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Presentation to current boss  RSS feed

 
Andrew Greaves
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I need some kind of guideline/ template to help me put together a presentation to my current boss. I work for a landscaping company and we just do traditional yard work such as leaf blowing mowing the lawn etc so my idea is to approach my boss and ask him if he would be amenable to taking on another division at the company. I would be a personal organic gardener for the clients of the company i work for. Note: the company has other divisions such as an installation crew and a full nursery. Anyhow, i could do garden design, install, maintenance, and troubleshooting. My questions for all of you are what kind of template or guideline could i use to make this proposal? What questions should i be asking? Is this a dumbass business idea? I have already thought about this as part of the proposal: answer the question: what will the business do? Design, install, maintenance and troubleshooting but what will i do specifically in these four areas? How will the revenue get split up? If we decide the best option is for me to give them a percentage of the profits just for having access to their clients, what percentage is fair?  Thanks in advance for your help.
 
Steven Kovacs
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The question is not, what will the business do; the question is, how will it make your boss money?  If you can convince him it will make him money, he's likely to support it; otherwise, he's not likely to.  First convince him he'll make money, and THEN hammer out the details.  Start with a verbal pitch, then have a written proposal (short and sweet - less than a page) ready for him to look at if he's amenable.

Personally I would sell it this way:
1) You can charge clients more for specialized, skilled services, which translates into more revenue and profit.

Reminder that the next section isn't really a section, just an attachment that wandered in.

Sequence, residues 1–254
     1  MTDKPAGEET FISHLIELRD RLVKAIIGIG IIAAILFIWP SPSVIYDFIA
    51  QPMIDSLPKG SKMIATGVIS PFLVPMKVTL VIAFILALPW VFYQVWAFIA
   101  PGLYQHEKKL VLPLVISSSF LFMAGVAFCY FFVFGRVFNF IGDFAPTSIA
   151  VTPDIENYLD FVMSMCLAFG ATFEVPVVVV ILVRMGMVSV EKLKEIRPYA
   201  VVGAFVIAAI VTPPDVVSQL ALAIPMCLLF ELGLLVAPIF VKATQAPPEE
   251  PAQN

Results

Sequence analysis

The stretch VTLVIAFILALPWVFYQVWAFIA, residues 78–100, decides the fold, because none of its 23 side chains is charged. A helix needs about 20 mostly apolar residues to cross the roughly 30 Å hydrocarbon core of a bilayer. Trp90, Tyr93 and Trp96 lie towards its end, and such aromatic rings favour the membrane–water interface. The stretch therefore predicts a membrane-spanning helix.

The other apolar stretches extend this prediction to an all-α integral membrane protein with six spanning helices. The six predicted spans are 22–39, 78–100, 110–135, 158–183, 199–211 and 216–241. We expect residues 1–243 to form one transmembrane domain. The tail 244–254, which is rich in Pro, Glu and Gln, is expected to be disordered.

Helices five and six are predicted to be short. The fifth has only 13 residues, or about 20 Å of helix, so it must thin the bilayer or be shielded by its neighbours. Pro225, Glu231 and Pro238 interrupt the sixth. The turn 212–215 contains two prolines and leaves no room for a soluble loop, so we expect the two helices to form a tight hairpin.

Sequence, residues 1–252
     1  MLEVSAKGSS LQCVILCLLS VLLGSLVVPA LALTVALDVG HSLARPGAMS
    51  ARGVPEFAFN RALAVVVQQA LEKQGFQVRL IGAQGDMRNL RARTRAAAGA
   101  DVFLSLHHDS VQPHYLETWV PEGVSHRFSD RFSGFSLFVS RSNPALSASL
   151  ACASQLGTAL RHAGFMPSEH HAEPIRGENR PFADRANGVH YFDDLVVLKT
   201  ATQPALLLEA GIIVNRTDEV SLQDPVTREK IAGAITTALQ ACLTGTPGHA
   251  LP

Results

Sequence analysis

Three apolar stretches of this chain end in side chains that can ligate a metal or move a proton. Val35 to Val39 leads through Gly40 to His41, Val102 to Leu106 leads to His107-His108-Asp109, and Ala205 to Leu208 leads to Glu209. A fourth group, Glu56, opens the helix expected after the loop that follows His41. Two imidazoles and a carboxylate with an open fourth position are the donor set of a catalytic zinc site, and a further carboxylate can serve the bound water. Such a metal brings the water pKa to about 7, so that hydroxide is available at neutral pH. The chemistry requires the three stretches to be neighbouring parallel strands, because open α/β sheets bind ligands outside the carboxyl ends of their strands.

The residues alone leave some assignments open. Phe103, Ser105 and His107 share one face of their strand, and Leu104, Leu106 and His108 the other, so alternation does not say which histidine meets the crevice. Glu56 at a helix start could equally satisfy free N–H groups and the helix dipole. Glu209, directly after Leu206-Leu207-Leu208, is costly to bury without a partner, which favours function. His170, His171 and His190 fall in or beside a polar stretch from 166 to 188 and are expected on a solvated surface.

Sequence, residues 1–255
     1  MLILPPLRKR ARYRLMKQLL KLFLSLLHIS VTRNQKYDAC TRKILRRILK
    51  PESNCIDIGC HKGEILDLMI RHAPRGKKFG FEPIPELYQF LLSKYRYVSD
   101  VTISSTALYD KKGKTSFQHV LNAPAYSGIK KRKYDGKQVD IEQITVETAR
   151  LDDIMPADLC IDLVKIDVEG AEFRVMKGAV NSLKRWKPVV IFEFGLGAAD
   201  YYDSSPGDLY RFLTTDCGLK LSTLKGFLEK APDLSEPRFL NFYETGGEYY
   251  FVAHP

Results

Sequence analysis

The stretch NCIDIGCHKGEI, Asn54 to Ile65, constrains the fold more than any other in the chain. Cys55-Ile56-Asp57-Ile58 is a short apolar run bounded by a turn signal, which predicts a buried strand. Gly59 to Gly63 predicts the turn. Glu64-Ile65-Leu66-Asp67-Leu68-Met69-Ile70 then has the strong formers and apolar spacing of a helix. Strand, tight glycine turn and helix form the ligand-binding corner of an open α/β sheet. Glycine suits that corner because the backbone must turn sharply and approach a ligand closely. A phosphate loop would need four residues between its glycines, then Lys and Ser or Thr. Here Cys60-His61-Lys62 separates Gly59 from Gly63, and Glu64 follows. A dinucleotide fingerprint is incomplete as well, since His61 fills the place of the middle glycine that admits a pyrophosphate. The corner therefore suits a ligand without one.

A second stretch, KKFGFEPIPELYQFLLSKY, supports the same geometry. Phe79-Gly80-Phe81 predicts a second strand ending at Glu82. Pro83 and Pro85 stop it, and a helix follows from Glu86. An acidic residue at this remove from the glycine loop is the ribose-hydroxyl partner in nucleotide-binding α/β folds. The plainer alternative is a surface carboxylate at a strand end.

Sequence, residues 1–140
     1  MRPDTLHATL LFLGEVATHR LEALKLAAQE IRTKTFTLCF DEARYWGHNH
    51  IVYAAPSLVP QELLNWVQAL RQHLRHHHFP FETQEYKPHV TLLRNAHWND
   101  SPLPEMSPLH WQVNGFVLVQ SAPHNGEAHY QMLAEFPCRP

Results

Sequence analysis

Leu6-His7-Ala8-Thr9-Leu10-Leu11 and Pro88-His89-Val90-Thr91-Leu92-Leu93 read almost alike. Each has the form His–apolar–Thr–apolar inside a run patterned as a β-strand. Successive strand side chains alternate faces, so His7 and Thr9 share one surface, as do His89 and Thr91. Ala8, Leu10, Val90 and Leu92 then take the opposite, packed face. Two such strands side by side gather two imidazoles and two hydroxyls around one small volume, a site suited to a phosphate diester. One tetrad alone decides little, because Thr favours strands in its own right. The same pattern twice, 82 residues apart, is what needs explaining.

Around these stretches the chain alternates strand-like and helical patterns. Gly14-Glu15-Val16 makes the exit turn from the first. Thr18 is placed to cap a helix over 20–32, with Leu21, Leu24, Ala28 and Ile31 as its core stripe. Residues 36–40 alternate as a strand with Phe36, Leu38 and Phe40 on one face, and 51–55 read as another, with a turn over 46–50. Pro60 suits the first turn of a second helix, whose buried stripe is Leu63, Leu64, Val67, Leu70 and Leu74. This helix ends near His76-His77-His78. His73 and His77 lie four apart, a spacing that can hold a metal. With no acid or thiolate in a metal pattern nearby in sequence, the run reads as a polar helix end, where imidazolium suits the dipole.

2) It makes his company's offerings more comprehensive; customers interested in one service might later decide to purchase another.
3) Offer to run the new business yourself as much as possible, in exchange for a cut of the profits or a higher wage or however you think it should work.  If you offer him a proposition where he makes money without having to do much more work himself, I expect he'll at least give you a fair hearing.

How do the other divisions of the business work - do they do some sort of profit-sharing or pay a fee to get the client list, or are they just hourly or salaried workers directly employed by your boss?

Can you prove your specialized skills to your boss?  He may have no idea you can do more than blow leaves.
 
David Livingston
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I think its a great idea ;
might it be possible to find out if there is a demand ? Local press is good for this sort of thing if they think possible advertising revenue is in the offing . Once you can show demand your boss might bite
Maybe a a "weak " part of the year? Advantage for your boss would be utilizing equipment /people otherwise not fully utilized .  I would have a chat with him see if he is interested .